There was a massacre in room no. 4 at Safari Garden last night. I have been most assiduous in ingesting and anointing both body and bedroom in anti-mosquito measures but two gin and tonics and a late night debate on the merits of using marabous (local witch doctors) led me to be a bit careless with the mosquito net.
I knew I should’ve stuck to my usual bottle of JulBrew (the local beer), but at least tonic water has quinine.
So, I fell into bed at midnight to find two of the little devils dive-bombing the net from the outside. Armed with my imported can of PifPaf (I already have my eye on a mega can of the Gambian equivalent, Bop, when stocks run low) it was a case of quickest on the draw wins. Once they are dazed and confused with the fumes then it’s a quick vicious hand swat against the whitewashed wall – sorry Housekeeping – and job done.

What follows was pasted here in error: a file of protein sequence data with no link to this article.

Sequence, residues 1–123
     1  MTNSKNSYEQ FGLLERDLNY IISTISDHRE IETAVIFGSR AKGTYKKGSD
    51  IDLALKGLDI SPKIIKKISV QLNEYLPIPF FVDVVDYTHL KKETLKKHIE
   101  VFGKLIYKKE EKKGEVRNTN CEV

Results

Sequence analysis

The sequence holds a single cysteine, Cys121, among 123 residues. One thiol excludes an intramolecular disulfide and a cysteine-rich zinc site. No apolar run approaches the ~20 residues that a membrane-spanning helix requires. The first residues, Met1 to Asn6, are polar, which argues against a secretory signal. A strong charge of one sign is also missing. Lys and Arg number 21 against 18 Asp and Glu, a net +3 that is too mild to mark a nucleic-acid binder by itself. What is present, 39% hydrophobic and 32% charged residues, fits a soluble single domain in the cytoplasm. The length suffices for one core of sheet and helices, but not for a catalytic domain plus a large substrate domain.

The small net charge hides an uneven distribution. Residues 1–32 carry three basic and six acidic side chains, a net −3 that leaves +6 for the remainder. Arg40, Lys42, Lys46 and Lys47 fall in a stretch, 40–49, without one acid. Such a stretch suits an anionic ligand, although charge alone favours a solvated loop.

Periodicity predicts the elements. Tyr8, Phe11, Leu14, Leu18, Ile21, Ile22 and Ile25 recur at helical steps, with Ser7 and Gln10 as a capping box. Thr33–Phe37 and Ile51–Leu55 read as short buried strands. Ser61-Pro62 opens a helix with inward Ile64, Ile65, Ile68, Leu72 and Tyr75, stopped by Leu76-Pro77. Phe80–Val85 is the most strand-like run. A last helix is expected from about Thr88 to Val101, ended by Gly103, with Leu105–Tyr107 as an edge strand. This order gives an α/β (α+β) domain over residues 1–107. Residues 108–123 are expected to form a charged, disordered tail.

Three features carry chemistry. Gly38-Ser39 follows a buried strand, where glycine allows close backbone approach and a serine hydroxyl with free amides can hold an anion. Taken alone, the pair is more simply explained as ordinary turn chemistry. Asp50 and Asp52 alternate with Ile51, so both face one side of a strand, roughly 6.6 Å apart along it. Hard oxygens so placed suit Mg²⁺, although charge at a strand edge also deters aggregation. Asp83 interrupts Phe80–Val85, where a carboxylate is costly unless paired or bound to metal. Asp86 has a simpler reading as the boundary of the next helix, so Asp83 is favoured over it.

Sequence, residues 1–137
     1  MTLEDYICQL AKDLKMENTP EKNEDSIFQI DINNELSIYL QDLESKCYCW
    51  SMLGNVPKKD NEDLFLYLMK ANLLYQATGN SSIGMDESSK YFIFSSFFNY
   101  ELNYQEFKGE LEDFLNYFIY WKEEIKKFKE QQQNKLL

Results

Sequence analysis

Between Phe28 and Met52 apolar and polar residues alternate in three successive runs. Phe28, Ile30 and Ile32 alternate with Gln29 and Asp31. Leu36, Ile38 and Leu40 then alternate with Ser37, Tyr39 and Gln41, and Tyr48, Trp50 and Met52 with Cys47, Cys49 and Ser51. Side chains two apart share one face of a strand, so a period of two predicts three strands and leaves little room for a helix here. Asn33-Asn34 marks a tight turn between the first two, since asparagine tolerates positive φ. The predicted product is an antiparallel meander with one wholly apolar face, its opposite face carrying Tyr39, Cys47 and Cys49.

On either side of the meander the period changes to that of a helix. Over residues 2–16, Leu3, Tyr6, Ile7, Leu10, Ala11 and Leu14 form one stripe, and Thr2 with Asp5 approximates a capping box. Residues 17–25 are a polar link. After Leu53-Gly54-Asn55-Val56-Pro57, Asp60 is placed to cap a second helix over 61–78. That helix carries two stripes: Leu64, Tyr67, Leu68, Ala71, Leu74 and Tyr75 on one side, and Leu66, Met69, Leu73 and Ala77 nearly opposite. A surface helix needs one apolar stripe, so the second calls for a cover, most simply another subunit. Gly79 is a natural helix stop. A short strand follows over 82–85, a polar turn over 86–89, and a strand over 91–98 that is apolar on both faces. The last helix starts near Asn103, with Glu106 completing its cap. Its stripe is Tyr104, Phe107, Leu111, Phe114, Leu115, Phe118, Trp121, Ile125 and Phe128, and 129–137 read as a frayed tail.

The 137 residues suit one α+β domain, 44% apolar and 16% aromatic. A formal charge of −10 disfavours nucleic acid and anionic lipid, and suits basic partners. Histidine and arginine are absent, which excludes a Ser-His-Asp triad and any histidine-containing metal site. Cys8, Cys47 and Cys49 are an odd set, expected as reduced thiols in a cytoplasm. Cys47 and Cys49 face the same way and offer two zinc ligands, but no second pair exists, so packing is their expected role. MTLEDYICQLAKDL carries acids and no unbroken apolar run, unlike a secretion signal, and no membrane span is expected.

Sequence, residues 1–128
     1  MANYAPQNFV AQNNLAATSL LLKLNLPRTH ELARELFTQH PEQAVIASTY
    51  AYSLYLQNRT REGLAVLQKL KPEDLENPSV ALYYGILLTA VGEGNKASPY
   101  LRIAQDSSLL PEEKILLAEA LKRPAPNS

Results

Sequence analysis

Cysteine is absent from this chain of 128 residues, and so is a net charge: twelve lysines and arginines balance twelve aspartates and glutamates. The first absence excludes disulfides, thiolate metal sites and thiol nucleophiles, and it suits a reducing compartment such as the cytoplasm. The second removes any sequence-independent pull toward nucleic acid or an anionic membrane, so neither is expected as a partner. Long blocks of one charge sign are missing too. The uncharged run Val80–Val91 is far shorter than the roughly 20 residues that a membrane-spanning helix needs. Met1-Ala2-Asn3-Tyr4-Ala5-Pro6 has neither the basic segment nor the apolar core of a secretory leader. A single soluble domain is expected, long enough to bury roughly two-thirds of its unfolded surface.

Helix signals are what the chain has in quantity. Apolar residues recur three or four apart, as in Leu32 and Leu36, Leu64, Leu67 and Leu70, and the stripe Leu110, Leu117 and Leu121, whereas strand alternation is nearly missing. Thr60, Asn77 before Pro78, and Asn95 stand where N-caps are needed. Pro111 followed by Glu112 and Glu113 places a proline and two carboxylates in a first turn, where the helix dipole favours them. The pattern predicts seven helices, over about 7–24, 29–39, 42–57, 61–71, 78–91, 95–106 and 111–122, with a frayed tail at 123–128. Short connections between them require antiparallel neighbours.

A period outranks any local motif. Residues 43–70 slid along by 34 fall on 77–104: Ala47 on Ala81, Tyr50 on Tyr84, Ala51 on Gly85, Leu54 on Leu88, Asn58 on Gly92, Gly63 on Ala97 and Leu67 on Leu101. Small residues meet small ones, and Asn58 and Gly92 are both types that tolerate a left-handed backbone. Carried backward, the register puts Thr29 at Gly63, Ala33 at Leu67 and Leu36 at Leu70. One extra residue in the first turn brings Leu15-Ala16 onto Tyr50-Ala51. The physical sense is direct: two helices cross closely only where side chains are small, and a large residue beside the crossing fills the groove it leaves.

It was only 20 minutes later as I dropped off that the whining started up again. One more mozzie had made its way under the net – or was it silently lying in wait? – and was on a revenge mission to avenge its fallen brethren. This time it was a handy flip-flop that saved my hide.
But joking aside, malaria is no joke here. Most of the expats I’ve met who have spent any length of time in the country have all had a bout of malaria at some point, even when taking prophylactics. And apart from the high incidence in small children, Gambians who travel overseas and then return home often succumb to a dose before readjusting.
Achy joints, headaches and flu-like symptoms are often a precursor and the advice is to go get a blood test if you even remotely think it’s malarial. The symptoms occur in repeating eight-hour cycles and if diagnosed early it just takes a course of antibiotics to return to full health but if untreated it can be extremely serious, or even fatal.